The immediate officers of the institutes of espionage (saṃsthānāmantevāsina) shall, by making use of signs or writing (saṃjñā lipibhi), set their own spies in motion (to ascertain the validity of the information).

Neither the institutes of espionage nor they (the wandering spies) shall know each other.

If a mendicant woman is stopped at the entrance, the line of door-keepers, spies under the guise of father and mother (mātāpitṛ vyanjanā), women artisans, court-bards, or prostitutes shall, under the pretext of taking in musical instruments, or through cipherwriting (gūḍhalekhya), or by means of signs, convey the information to its destined place (chāram nirhareyu).

(Spies of the institutes of espionage) may suddenly go out under the pretext[1] of long-standing disease, or lunacy, or fire (somewhere) or poisoning, or of being discharged.

When the information thus received from these three different sources is exactly of the same version, it shall be held reliable. If they (the three sources) frequently differ, the spies concerned shall either be punished in secret or dismissed.

Those spies who are referred to in Book IV, “Removal of Thorns,” shall receive their salaries from those kings (para, i.e. foreign) with whom they live as servants; but when they aid both the states in the work of catching hold of robbers, they shall become recipients of salaries from both the states (ubhayavetanā).

Those[2] whose sons and wives are kept (as hostages) shall be made recipients of salaries from two states, and considered as under the mission of enemies. Purity of character of such persons shall be ascertained through persons of similar profession.

Thus with regard to kings who are inimical, friendly, intermediate, of low rank, or natural, and with regard to their eighteen government departments[3] (aṣṭādaśa-tīrtha), spies shall be set in motion.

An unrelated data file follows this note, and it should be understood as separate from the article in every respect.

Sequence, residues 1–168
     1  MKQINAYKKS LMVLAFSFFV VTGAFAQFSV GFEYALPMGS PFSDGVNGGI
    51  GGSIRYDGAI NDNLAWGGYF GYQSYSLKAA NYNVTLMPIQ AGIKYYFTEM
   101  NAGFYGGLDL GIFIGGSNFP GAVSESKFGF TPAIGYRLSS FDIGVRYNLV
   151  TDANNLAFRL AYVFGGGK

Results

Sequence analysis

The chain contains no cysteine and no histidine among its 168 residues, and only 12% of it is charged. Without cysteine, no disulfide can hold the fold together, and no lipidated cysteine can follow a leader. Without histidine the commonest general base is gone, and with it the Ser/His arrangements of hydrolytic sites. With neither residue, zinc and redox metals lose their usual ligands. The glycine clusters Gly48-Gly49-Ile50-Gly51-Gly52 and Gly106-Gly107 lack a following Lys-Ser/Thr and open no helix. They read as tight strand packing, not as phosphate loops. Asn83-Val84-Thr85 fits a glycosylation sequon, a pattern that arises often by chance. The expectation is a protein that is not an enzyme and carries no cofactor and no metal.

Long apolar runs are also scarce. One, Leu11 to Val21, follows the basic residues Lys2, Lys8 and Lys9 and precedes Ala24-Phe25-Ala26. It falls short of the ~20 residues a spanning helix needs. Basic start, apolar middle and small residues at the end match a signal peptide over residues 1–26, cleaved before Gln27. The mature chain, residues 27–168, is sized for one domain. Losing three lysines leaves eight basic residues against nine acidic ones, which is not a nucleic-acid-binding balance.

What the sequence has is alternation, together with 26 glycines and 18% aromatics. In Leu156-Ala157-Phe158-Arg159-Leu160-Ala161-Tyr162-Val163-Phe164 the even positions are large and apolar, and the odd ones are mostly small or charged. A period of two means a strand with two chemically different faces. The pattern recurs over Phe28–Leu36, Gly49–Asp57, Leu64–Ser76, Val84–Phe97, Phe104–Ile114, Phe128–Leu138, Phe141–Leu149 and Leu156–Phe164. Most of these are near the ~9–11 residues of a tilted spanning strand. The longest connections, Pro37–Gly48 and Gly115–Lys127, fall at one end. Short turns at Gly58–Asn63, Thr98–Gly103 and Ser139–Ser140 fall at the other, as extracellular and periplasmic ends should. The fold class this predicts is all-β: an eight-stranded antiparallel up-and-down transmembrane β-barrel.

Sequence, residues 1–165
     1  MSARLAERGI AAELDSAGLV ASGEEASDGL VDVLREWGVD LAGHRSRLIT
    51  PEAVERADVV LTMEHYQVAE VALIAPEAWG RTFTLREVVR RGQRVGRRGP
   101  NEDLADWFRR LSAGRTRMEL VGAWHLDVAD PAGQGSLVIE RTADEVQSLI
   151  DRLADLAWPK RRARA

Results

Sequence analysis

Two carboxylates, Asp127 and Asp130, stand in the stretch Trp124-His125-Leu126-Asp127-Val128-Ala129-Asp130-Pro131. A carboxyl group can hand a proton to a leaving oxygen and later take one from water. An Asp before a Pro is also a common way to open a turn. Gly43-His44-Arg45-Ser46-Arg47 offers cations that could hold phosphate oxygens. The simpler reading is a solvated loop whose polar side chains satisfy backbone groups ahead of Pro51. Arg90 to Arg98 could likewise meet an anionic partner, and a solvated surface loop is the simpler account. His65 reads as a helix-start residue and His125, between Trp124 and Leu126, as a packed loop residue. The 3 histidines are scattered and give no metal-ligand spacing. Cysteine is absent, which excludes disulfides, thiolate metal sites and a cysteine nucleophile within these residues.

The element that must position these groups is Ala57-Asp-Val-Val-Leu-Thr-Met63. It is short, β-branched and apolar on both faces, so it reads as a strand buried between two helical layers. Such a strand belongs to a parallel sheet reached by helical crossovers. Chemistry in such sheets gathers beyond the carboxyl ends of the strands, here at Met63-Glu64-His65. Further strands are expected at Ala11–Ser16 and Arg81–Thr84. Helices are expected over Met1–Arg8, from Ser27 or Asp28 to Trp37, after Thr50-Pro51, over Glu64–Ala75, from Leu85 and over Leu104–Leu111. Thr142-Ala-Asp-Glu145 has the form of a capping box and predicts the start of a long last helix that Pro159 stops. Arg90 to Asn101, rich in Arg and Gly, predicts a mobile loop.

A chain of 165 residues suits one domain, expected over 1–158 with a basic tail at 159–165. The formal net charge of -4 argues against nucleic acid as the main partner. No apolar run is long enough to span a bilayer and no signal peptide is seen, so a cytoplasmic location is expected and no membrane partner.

The hump-backed, the dvarḥ the eunuch, women of accomplishments, the dumb, and various grades of Mleccha caste shall be spies inside their houses.

Merchant spies inside forts; saints and ascetics in the suburbs of forts; the cultivator and the recluse in country parts; herdsmen in [22] the boundaries of the country; in forests, forest-dwellers, śramaṇas, and chiefs of wild tribes, shall be stationed to ascertain the movements of enemies. All these spies shall be very quick in the despatch of their work.

Spies set up by foreign kings shall also be found out by local spies; spies by spies of like profession. It is the institutes of espionage, secret or avowed, that set spies in motion.

Those chiefs whose inimical design has been found out by spies supporting the king’s cause shall, in view of affording opportunity to detect the spies of foreign kings, be made to live on the boundaries of the state.[4]

[Thus ends Chapter XII, “Creation of Wandering Spies,” in the section of “The Institution of Spies,” in Book I, “Concerning Discipline” of the Arthaśāstra of Kauṭilya.]

Footnotes and references:


Apparently to escape from punishment.


In śloka-metre till the end of the chapter.


While commenting on a similar phrase in verse 68, Canto XVII, of Raghuvaṃśa, Mallinātha quotes some ślokas attributed to Cāṇikya and containing the names of the heads of departments enumerated at the beginning of this chapter.


Ka. XII, 25-49.